The New Stratos Has Some Big Shoes to Fill

Story by Johan Dillen • Photography by Dirk de Jager

Yes, that is a snowflake in the windscreen. And no, it is not part of the plan.

When we set out from the outskirts of Turin, Italy, the sun was shining brightly. But the higher we climb up the Colle delle Finestre in the Alps, the more the temperatures drop as more and more snow appears at the side of the road. Soon it’s collecting on the road.

Great, we are going full Monte Carlo rally with this.

Our blue New Stratos looks like a wine stain on a white carpet, but we figure we couldn’t have brought it to a better place, since it carries the DNA of one of the most successful World Rally cars ever.

The original Lancia Stratos was as unlikely a three-time World Rally Champion as one could have imagined. It looked like a frail sports car, but underneath its striking Bertone body it carried a Ferrari engine.

At the same time, if you look at it more closely, you’ll find a Stratos is nothing more than a buggy concept with very big wheels and the engine in the middle,” explains Paola Garella, the man behind this recreation. “It became a car of mythical proportions, and everyone involved in the project became a legend in his own doing: Bertone, Gandini, Dallara, Fiorio.…”

Garella knows exactly what shoes he had to fill when he started the New Stratos project. Not only because he understands the Stratos mystique, but also because he actually did another New Stratos prior to this one.

Pininfarina Roots

Garella now runs MAT, short for Manifattura Automobili Torino, but previously he worked at Pininfarina. “At first, I worked at Pininfarina on one-off projects,” he explains. “We mainly worked for the Sultan of Brunei at the end of the ’80s. It was an incredible time; we did some 50 cars per year for him.

“A lot of the time, we had to swap the manual transmission for a ‘flappy paddle’ gearbox, in fashion then. The funny thing is, these days it’s pretty much the other way around.

“For six years, I lived day and night for the Sultan. It was a most interesting period for me personally. I really learned everything back then. But in 1995, an economic crisis struck, and the Sultan’s assignments dried out.”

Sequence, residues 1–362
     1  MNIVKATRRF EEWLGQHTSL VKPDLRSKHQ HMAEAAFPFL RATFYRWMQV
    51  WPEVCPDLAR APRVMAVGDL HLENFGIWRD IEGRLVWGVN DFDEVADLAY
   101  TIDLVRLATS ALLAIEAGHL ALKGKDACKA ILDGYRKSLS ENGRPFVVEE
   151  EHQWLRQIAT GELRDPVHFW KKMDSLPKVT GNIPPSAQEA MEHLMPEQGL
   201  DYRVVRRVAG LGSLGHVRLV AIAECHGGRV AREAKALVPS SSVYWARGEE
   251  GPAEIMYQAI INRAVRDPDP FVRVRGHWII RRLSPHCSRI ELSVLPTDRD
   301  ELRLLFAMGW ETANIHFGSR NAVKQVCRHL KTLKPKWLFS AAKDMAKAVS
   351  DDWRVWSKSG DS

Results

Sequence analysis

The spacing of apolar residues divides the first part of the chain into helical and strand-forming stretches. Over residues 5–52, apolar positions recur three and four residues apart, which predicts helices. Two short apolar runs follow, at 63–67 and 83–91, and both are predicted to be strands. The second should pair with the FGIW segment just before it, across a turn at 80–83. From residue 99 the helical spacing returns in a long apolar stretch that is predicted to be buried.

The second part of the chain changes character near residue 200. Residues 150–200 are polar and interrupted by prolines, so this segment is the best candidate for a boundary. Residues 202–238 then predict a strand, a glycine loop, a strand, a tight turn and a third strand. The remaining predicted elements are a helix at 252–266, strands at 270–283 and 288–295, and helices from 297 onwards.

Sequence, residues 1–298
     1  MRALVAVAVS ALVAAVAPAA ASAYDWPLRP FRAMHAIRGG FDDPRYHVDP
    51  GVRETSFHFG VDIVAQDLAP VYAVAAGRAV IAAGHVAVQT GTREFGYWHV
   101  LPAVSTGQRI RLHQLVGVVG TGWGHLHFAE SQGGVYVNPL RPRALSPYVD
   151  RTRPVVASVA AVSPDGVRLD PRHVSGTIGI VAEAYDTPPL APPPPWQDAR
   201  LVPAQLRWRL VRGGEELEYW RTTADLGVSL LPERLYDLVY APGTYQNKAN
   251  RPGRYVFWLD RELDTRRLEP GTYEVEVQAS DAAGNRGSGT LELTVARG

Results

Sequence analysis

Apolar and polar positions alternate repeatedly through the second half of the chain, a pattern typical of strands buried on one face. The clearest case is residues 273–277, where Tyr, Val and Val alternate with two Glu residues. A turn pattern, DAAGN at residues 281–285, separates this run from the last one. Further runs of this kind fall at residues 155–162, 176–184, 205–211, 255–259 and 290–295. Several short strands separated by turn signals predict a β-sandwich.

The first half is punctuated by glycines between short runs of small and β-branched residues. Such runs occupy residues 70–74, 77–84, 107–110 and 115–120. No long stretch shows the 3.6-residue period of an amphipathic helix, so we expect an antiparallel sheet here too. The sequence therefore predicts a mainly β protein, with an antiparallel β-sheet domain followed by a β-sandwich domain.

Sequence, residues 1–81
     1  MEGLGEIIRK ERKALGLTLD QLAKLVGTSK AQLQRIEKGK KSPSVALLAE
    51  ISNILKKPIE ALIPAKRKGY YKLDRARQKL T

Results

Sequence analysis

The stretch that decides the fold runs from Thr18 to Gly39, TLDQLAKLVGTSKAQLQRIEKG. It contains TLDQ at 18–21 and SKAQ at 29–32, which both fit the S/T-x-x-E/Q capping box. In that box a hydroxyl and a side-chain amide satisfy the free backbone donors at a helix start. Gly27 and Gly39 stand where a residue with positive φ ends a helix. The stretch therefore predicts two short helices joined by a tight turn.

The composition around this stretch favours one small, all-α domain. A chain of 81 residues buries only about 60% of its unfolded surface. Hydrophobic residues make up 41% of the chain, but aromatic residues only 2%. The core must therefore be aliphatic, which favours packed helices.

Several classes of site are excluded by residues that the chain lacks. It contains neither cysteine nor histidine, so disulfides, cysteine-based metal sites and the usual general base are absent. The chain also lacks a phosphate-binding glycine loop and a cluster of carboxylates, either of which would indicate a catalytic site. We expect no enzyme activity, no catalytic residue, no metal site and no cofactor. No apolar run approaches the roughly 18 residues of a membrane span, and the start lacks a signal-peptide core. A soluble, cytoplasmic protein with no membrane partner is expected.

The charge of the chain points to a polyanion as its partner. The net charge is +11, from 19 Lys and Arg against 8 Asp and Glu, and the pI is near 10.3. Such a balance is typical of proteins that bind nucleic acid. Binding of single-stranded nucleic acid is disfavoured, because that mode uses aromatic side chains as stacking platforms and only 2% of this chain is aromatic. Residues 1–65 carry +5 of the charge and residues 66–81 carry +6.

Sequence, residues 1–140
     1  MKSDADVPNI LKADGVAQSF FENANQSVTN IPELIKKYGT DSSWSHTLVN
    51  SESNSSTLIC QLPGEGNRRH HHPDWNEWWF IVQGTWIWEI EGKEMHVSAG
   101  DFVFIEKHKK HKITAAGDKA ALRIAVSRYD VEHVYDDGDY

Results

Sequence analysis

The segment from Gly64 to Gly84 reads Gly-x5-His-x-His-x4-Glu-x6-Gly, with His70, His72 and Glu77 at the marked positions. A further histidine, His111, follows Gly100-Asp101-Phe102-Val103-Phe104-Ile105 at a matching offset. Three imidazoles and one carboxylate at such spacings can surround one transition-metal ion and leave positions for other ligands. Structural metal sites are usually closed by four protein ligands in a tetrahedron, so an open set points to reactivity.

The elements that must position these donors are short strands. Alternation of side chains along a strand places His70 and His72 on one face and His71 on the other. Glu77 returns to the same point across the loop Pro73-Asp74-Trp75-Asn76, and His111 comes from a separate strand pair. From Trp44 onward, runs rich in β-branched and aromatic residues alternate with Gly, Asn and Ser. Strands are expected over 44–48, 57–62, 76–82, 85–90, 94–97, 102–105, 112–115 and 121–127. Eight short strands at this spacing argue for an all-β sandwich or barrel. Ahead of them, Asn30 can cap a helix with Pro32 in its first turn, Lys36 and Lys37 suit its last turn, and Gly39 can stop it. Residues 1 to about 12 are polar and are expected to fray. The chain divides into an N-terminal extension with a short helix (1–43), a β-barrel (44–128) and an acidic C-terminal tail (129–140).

Garella explains that in 2001, he took on two final jobs at Pininfarina. One was the Ferrari P4/5—a sort of vintage take on the Ferrari Enzo—for Ferrari collector Jim Glickenhaus. The other was a modern version of the Stratos for German enthusiast Michael Stoschek.

Stoschek had hoped to do a limited production run for his New Stratos, which was based around a Ferrari 430 Scuderia, but Ferrari let it be known that it wasn’t too happy with these shenanigans involving the just-retired model. The project came to an apparent end with just the one New Stratos built; it’s now parked in a collection in Germany.

After that, Garella was looking for something to do. “I had worked on the P4 Competizione on behalf of Jim Glickenhaus,” he explains. “We ended up 12 th in our second participation in the Nürburgring 24 Hours—still the best result for a hybrid to date.

In 2013, I had started MAT and we did the [Scuderia Cameron Glickenhaus] SCG 003 for Jim. In the meantime, he had decided to go his way in the United States with SCG, so I found myself at a crossroads with MAT. Either I shut down the firm, or I would go and find new projects for us to do.”

He recalls the exact date he came up with the idea for his next project. “On December 4th, 2017, New Stratos came back in my mind. I’d thought it would be ideal to show the potential we have at MAT. You don’t need to promote a Stratos; everyone knows what it is. So I went back to Michael Stoschek. He owns all the rights on the Stratos name, and he gave me a license for 25 New Stratos cars plus three prototypes.”

Ferrari DNA

Garella had a first show car ready in time for the 2018 Geneva International Motor Show. The first production car was ready for the 2019 show in Geneva, where it was delivered in the iconic Alitalia colors.

“We have orders for six cars at the moment,” he told us while giving a tour of MAT’s premises, “and we have about 10 serious leads following the motor show.”

Compared to the 2010 New Stratos, the newest New Stratos hasn’t changed much. However, instead of a 430 Scuderia, MAT can also perform the work required to transform a Ferrari into a New Stratos using a regular F430, a less expensive starting point. “We prefer cars from the final production run, with either an automated shift or manual gearbox,” Garella says.

Not much escapes the conversion. “We not only take the whole bodywork away, we also cut 7.8 inches out of the chassis in the wheelbase,” he explains. “This way we keep the classic proportions of the Stratos.” The new body is formed in carbon with a new steel structure for the chassis.

“We will also add a roll cage for extra stiffness,” he continues. “You can see it in the engine compartment, but it is hidden from sight in the interior behind carbon panels. Combined, we are looking at a New Stratos that is some 30 percent stiffer than an F430. Weight is lower as well. We weigh in at around 2866 pounds, some 220 pounds less than the F430.”